Wrist Spin Bowling (part Five)

Discussion in 'Spin Bowling' started by Richard the Third, Feb 19, 2011.

Put it out there
  1. Cleanprophet

    Cleanprophet Active Member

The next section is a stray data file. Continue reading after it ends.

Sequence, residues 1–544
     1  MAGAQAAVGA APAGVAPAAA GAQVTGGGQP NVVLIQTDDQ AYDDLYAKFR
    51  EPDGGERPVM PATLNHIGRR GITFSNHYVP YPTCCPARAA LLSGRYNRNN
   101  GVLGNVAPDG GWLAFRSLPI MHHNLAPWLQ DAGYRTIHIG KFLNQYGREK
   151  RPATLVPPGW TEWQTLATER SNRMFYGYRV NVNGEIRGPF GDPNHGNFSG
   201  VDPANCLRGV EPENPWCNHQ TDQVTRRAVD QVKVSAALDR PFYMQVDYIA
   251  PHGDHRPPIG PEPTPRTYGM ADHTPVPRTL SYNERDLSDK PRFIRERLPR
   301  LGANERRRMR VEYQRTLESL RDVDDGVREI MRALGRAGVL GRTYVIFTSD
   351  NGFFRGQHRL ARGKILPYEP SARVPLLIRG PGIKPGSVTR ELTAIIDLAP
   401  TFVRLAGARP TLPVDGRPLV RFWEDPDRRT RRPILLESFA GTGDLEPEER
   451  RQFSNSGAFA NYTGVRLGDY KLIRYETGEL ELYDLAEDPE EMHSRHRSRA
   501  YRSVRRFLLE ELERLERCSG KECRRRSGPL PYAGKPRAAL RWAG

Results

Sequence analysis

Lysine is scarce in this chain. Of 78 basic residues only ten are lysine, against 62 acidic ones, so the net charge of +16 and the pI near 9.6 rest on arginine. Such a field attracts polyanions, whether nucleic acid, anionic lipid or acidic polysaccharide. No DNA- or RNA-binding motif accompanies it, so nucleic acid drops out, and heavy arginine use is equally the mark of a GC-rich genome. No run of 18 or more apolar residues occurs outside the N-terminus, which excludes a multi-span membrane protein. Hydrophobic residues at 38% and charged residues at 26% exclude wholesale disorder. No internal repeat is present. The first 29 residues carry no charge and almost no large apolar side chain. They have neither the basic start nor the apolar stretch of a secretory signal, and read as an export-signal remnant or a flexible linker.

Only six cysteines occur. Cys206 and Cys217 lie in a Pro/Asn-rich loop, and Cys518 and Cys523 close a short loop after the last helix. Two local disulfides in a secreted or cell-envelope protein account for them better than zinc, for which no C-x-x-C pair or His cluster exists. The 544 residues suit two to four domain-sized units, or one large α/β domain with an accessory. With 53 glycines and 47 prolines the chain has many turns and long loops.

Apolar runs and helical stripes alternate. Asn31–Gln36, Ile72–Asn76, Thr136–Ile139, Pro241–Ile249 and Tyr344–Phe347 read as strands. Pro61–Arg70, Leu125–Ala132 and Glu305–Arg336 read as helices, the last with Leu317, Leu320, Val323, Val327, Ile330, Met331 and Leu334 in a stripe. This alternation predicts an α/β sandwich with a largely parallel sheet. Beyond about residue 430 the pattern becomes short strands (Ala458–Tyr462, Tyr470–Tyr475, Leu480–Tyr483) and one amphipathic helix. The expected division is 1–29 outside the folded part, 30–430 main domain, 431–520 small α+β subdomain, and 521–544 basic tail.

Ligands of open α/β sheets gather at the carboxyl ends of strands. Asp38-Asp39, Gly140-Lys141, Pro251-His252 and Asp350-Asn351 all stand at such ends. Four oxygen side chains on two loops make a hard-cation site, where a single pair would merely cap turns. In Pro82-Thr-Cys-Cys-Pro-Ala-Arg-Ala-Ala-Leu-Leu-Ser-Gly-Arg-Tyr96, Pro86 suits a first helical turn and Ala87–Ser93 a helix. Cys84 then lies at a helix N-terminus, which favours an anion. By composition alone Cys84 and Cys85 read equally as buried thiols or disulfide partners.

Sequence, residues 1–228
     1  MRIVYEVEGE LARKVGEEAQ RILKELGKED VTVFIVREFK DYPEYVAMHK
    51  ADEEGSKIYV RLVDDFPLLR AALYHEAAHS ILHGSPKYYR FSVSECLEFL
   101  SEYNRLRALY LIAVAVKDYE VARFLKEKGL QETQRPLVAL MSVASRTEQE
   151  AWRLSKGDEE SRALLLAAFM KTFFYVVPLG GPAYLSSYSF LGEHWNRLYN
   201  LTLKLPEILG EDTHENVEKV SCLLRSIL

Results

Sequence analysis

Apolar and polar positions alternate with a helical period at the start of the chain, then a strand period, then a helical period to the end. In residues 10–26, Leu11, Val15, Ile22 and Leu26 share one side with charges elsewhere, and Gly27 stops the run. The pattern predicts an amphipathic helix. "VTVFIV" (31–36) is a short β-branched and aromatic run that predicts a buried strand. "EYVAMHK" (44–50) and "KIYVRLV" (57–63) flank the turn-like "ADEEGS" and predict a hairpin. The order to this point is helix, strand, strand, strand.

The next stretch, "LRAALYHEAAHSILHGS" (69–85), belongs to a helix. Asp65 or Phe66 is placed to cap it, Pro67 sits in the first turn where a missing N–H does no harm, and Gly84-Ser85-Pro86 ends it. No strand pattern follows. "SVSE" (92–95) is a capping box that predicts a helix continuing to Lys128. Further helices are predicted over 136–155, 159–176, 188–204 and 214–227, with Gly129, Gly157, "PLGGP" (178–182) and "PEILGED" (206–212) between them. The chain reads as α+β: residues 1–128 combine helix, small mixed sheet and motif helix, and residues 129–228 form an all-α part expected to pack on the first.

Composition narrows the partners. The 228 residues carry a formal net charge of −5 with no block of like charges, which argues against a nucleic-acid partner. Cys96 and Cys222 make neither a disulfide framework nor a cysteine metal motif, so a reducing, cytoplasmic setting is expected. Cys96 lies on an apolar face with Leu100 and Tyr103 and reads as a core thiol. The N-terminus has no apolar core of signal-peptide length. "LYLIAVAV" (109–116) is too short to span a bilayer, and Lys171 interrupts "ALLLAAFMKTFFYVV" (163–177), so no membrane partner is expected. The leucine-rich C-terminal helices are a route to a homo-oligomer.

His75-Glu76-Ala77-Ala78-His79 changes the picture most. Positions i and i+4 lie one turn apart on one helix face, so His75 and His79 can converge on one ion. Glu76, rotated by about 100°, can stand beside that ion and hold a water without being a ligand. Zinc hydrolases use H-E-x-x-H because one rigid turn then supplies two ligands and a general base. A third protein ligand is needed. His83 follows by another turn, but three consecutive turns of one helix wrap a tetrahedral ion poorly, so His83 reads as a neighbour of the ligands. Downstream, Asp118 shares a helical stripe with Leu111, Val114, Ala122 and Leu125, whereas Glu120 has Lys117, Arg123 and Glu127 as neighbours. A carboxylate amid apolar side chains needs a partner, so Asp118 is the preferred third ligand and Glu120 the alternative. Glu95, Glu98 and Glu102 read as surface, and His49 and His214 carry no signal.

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    What I would say Dave, is work on that front arm. It is so important to your whole action. It's easy to get overly focused on your bowling arm and not bother with that front arm, but it is as important as the bowling arm. What you don't want to do is scour the internet for examples of bowlers who have a similar front arm to you. That is just finding exceptions to try and disprove the rule and ignore issues in your own action. I've done it myself and done it for the front arm too. My front arm pushes out to the legside rather than at the target. I saw that Bishoo did that too and thought "well, it can't be that big of a problem". But that's the wrong way to think about it. Bishoo is a pro legspinner. I'm not. It may not effect him that much but that doesn't mean I should not fix it in my action. Same with you and Chandrasekhar. These people are exceptions to the rule regarding the front arm. Bottom line is, the arm should really pull down hard and at the target. Simple as that. If you are able to produce top, top quality bowling without doing that, fair enough. If you can't, then you must get that front arm sorted.